Conjugates of superoxide dismutase coupled to high molecular weight polyalkylene glycols

- DDI Pharmaceuticals, Inc.

A biologically persistent, water-soluble, substantially non-immunogenic, substantially non-antigenic conjugate of superoxide dismutase is prepared by coupling one to five strands of a polyalkylene glycol which is polyethylene glycol or polyethylene-polypropylene glycol copolymer, wherein said polyalkylene glycol has an average molecular weight of about 35,000-1,000,000.

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Description

EXAMPLE 1

Fifty grams of PEG (a Union Carbide product labelled Polyox.RTM. polyethylene oxide 100,000, equivalent to PEG 100,000 supplied by Aldrich Chemical Co., consisting of PEG partially isopropylated on one terminus, with a labeled molecular weight of 100,000 as determined by intrinsic viscosity measurement, and for which steric exclusion HPLC gave an average value of about 50,000) was dissolved in 1 liter of dry pyridine and 22 grams of succinic anhydride was added. The mixture was stirred for 38 hours at 60.degree. C. The solvent was removed under vacuum at less than 60.degree. C. and the residue was redissolved in 500 ml of water. The solution was washed with hexane and then the product was extracted into 1000 ml chloroform. The chloroform was removed under vacuum at 40.degree. C. and the product was dissolved in benzene. The succinylated PEG was reprecipitated twice from benzene with petroleum ether.

Aqueous size exclusion HPLC using TSK PW 2500+4000 columns (Toyo Soda Manufacturing, Co., Ltd.) in series, calibrated with commercial PEG molecular weight standards, indicated that the average molecular weight of the PEG starting material was 50,000 and that the molecular weight of this PEG did not change after succinylation and purification by the procedure described above.

An aqueous solution of this succinylated PEG was size-fractionated to remove low molecular weight PEG by ultrafiltration using a Millipore.RTM. Minitan.RTM. apparatus equipped with a 300,000 (protein standard) nominal molecular weight limit membrane. The size-fractionated product was dried under vacuum. Analysis by aqueous size exclusion HPLC indicated that the average molecular weight of the succinylated PEG had increased from about 50,000 to about 80,000 as a result of ultrafiltration. The size-fractionated succinylated PEG thus obtained was then activated with N-hydroxysuccinimide. 12 gm of the succinylated PEG (molecular weight 80,000, 0.15 mmoles) was dissolved in 120 ml of dry dimethylformamide and 300 mg (2.6 mmoles) of N-hydroxysuccinimide was added, while stirring. After dissolution, 2.4 mmoles of dicyclohexylcarbodiimide was added and the solution was stirred at 40.degree. C. for 30 minutes and then left unstirred at 24.degree. C. for five days. The mixture was then filtered through a glass fiber filter and the filtrate was evaporated to dryness under vacuum at 40.degree. C. The residue was dissolved with mild heating in 200 ml of dry toluene. The N-hydroxysuccinimidyl PEG was precipitated by addition of 400 ml of petroleum ether. The product was collected under vacuum on a glass fiber filter and then reprecipitated from toluene using petroleum ether, and then dried under vacuum. Size-exclusion HPLC showed that the molecular weight of the product had not changed as a result of activation.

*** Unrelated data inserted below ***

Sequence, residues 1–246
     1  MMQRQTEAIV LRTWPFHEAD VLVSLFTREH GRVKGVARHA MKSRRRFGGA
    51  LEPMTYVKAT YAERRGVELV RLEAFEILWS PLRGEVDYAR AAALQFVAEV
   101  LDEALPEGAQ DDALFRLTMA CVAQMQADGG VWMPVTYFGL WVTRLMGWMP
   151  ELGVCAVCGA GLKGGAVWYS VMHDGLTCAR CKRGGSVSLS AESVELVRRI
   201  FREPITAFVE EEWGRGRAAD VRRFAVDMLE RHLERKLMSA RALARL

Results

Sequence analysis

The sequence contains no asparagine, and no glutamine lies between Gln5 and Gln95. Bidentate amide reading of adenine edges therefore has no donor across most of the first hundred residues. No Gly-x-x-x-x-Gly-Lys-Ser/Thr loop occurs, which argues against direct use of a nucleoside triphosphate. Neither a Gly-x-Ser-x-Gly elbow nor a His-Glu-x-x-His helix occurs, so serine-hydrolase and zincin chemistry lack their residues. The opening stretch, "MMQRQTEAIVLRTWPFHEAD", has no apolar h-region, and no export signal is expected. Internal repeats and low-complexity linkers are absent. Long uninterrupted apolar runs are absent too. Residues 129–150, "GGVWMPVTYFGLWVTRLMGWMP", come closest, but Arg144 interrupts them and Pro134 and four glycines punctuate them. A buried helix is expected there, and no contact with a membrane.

A solution containing 80 mg of bovine Cu,Zn SOD (2.46 micromoles, 4400 Units/mg, from DDI Pharmaceuticals, Inc.) in 39 ml of 0.1M potassium phosphate buffer (pH 8.0) was added to 4 grams of the dry N-hydroxysuccinimidyl PEG derivative (50 micromoles) and the mixture was dissolved at 24.degree. C. A solution of 80 mg human SOD can be substituted.

Size exclusion HPLC analysis showed that the coupling reaction was essentially complete within 1.5 hours, as was evident from the disappearance of unreacted SOD and appearance of a high molecular weight UV-absorbing adduct peak with a molecular weight of about 200,000.

The free PEG which had not coupled to SOD was separated from the PEG-SOD adduct by ion-exchange chromatography. Fractions containing PEG-SOD were collected by increasing the ionic strength of the elution buffer (pH 9) using NaCl. PEG-SOD fractions were dialyzed against water to remove buffer components and then concentrated by freeze-drying or vacuum evaporation.

As an example, the properties of a typical product eluted with 50 mM NaCl are described. The adduct contained 24 mg of SOD protein and 165 mg of protein-bound PEG. The protein content was determined by biuret analysis and the PEG content by HPLC, using refractive index detection (RI) and correcting for the RI contribution of the protein. The average molecular weight determined for the protein-bound PEG was 72,000. This MW for the PEG released from the adduct by proteolysis, combined with data showing that the ratio of SOD protein (32,000 MW) to PEG in the adduct was 24 mg to 165 mg, gives a ratio of 3 strands of PEG bound per molecule of SOD. The number of PEG strands per SOD molecule obtained in this way gives a calculated adduct MW of 220,000 (72,000.times.3+32,000/8), a result which is consistent with the MW obtained by HPLC.